FF88 - Forrest Gump

Intro by John Roderick

Forrest Gump. It has come to this! I am not going to argue whether this is a war film. Let's take it as read! I am not even going to use this intro as a chance to dump on Baby Boomers because I am confident that history will handle that task and there is no point in us piling on. No! What amazes me about this film, this Forrest Gump, is how big a movie it was. Like American Beauty, this movie inexplicably took the world by storm. Why are the middlebrow people of the world so susceptible to this trash? What collective need is fulfilled by languishing in this miasma of toxic sentimentality? Well, let's interrogate it!

Here we have a film where a disability was played for laughs. Gump's slowness is meant to stand in for our simpler natures, untrammelled and untroubled by irony or sex or remorse or really any kind of human empathy beyond confused sadness that everyone isn't happy. It is a Vietnam story, tragic in the way we prefer our Vietnam stories, which is to say: Small-scale and personal. We are fine watching some boys slug it out, even fine ruing the senselessness of it all, but for the love of God: Don't make us think about what we did and what it means!

Please, can we just take a dumb giggle-ride through a Newsweek highlights-timeline of the Boomer-half century and conclude that it was just troubling enough to make us deep and soulful without convicting us of mind-crimes and the rape of the world? Dammit, I was trying not to slam the Boomers, but I can't help it! This movie marks the true turning point in their evolution where they finally renounced the counterculture and regained their innocence in the form of the true antihero: Schrimp-millionaire and early Apple-investor The Gumpster, the Gump-Meister, the Gumpinator!

It is appalling really, this Clinton-era revisionism, as if after two decades of gross reveling in the reflected cool of Hendrix and Abbie Hoffman while force-feeding the rest of us the hot-dog-eating-contest of 1960s self-aggrandizement and ad-nauseam-nostalgia masked as virtue-hectoring set to a never-ending loop of Jefferson Airplane and slow motion helicopters the Boomers sat atop their pile of laissez-faire Michael Milken dollars and drug-war-financed Arizona planned communities and gloated that all along they knew the Hippie element within them were contemptible dirtbags and it was actually Free Enterprise and Global Trade that were the realm of the Saints. Who better than Tom Hanks, eternal boy, Bosom Buddy, to reprise his role in Big, and assuage the last faint bleats of the dying conscience of a nation? The only thing this movie didn't do is have Forrest sign a contract with America and date Fawn Hall.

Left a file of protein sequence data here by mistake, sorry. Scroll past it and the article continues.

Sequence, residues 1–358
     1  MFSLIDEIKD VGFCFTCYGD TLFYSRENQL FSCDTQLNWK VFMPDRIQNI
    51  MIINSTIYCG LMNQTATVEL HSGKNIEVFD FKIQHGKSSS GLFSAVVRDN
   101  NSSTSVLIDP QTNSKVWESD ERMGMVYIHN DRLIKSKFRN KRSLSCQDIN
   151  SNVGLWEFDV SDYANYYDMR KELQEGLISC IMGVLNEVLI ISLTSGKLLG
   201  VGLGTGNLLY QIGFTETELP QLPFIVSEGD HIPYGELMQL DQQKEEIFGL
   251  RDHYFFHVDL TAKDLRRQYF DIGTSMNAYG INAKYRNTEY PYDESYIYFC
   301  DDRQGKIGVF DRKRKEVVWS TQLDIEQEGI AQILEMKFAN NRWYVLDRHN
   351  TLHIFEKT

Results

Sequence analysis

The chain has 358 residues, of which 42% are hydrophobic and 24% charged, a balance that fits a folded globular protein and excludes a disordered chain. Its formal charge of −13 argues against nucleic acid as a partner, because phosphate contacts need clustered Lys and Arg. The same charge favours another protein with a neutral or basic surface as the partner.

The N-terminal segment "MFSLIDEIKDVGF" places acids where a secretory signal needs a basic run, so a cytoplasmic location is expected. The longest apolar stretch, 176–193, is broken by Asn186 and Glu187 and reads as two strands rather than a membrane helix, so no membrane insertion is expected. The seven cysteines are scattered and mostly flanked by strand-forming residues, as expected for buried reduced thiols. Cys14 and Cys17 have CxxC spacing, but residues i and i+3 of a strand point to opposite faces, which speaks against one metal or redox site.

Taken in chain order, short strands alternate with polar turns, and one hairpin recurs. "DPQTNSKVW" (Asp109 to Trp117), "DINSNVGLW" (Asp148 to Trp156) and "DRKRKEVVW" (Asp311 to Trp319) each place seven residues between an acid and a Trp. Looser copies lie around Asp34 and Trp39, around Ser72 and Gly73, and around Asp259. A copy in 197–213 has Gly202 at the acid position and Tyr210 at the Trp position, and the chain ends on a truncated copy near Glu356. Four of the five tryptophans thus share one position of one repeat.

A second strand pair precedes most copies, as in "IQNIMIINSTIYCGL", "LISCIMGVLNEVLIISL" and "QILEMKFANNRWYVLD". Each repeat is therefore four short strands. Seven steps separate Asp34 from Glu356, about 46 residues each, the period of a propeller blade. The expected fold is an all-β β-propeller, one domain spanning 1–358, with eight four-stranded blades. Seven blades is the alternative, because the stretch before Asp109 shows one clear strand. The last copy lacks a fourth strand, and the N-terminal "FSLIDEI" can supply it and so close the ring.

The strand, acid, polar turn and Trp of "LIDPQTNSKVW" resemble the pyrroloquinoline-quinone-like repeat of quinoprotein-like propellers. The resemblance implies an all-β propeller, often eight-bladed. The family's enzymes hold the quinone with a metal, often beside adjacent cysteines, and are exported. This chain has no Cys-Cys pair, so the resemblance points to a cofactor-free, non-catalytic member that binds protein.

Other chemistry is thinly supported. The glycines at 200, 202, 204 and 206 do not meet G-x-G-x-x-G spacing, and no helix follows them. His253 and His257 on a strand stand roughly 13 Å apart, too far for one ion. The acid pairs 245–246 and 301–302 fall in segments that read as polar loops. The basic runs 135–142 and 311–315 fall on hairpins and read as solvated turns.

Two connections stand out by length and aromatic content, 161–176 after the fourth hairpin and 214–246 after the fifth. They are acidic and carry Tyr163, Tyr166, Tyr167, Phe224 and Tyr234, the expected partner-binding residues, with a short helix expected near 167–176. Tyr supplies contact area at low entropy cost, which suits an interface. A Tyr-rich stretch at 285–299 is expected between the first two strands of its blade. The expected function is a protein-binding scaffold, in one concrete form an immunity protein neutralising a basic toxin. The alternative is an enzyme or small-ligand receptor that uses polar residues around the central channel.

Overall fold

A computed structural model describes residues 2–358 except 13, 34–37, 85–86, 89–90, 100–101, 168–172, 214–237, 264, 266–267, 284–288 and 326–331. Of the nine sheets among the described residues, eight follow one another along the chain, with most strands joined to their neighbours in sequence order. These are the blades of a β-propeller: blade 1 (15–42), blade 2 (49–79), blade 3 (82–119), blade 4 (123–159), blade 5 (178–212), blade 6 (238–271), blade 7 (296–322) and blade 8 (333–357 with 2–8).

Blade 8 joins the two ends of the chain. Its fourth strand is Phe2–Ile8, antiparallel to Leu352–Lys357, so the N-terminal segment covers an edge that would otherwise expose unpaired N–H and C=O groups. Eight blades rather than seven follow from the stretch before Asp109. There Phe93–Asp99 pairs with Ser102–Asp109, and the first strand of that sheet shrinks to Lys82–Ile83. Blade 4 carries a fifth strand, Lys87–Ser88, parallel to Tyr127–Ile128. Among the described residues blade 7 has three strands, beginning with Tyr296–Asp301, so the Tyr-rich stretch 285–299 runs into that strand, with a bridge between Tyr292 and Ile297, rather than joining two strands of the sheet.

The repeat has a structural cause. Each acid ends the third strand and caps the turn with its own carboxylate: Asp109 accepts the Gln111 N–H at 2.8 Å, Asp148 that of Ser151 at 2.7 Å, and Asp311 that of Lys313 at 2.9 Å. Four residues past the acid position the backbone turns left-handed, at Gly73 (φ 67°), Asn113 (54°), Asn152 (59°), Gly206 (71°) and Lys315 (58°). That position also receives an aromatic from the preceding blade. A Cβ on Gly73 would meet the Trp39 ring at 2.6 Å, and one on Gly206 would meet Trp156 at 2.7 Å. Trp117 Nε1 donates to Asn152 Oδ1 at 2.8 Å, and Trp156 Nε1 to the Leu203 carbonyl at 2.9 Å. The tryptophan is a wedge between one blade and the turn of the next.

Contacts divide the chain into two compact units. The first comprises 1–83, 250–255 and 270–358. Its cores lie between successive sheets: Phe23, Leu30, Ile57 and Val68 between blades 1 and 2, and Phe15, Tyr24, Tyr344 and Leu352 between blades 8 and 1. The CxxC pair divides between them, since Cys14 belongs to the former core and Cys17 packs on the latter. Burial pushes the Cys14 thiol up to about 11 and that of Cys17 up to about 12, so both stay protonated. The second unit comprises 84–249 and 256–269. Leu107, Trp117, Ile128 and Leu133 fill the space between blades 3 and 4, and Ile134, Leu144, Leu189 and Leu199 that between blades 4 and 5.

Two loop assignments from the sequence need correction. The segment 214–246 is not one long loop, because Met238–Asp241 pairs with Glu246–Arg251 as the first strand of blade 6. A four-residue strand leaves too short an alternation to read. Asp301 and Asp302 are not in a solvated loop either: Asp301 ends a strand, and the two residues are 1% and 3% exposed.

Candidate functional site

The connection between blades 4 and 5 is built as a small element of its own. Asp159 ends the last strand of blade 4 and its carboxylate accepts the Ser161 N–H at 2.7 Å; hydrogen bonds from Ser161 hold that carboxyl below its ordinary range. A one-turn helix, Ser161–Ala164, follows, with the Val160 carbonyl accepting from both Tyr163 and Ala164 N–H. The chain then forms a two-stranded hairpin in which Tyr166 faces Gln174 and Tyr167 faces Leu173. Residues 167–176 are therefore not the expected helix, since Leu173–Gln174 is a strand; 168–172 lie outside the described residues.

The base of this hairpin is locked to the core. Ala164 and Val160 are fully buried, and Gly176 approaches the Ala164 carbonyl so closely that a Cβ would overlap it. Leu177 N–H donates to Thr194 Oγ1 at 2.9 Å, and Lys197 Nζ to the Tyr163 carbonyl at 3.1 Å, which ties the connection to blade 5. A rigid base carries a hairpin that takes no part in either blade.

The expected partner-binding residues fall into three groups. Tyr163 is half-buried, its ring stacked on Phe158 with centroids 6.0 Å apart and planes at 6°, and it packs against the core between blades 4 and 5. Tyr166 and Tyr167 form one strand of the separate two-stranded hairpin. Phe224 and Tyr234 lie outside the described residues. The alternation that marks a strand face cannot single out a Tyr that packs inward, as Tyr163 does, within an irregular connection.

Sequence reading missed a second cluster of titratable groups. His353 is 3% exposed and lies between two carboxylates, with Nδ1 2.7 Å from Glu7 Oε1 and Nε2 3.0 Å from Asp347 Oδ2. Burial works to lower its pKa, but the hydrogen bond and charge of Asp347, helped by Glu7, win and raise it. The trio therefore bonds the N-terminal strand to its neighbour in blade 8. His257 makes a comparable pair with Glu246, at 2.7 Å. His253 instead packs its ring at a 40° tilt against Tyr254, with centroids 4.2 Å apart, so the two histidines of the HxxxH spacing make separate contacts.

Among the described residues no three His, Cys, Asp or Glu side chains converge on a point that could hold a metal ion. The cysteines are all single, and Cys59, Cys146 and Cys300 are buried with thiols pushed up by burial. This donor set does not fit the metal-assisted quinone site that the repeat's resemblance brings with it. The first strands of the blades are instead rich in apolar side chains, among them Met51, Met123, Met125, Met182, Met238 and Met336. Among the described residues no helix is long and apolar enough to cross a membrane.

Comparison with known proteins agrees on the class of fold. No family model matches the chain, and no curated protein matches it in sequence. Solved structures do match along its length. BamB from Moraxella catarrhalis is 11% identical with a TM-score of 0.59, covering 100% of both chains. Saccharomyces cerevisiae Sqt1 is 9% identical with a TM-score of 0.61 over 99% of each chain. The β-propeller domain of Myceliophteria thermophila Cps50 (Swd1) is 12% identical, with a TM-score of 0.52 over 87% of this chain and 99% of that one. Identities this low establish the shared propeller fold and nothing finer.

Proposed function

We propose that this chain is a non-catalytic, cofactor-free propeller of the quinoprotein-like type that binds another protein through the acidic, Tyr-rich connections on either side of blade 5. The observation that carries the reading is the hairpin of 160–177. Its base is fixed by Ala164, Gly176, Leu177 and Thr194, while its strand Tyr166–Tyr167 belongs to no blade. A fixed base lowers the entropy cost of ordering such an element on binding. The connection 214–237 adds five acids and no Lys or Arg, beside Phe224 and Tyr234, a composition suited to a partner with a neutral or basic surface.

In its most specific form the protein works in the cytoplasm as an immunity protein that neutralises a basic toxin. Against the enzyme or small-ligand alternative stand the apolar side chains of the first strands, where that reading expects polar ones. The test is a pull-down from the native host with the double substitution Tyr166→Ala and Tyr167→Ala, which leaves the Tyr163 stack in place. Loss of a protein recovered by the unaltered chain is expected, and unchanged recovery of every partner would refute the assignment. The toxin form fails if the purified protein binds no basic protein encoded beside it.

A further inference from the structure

I said I wasn't going to argue, but: "Who cares?" Is Forrest Gump a war movie? I don't know, man! I guess so! There is war in it and war reverberates throughout it, and even though it is a little late to the 1980s cinematic refight Vietnam party, it refought Vietnam on behalf of an American people who still couldn't figure out what happened there or whether we won or lost. Well, let me tell you: We lost, and we also lost the supposed culture wars where we overturned the hegemony of the Greatest Generation and replaced it with sexual freedom and drug experimentation and peace and love and environmentalism and communitarianism and agrarianism and anti-Industrialization and global peace. What the Boomers brought us instead in the fullness of time was a focus on low interest rates and the dismantling of the social safety net and neoconservative endless boundless war. Cue: Jefferson Starship! Today on Friendly Fire: "Life is not a god-damn box of chocolates!" as we explore Forrest Gump.

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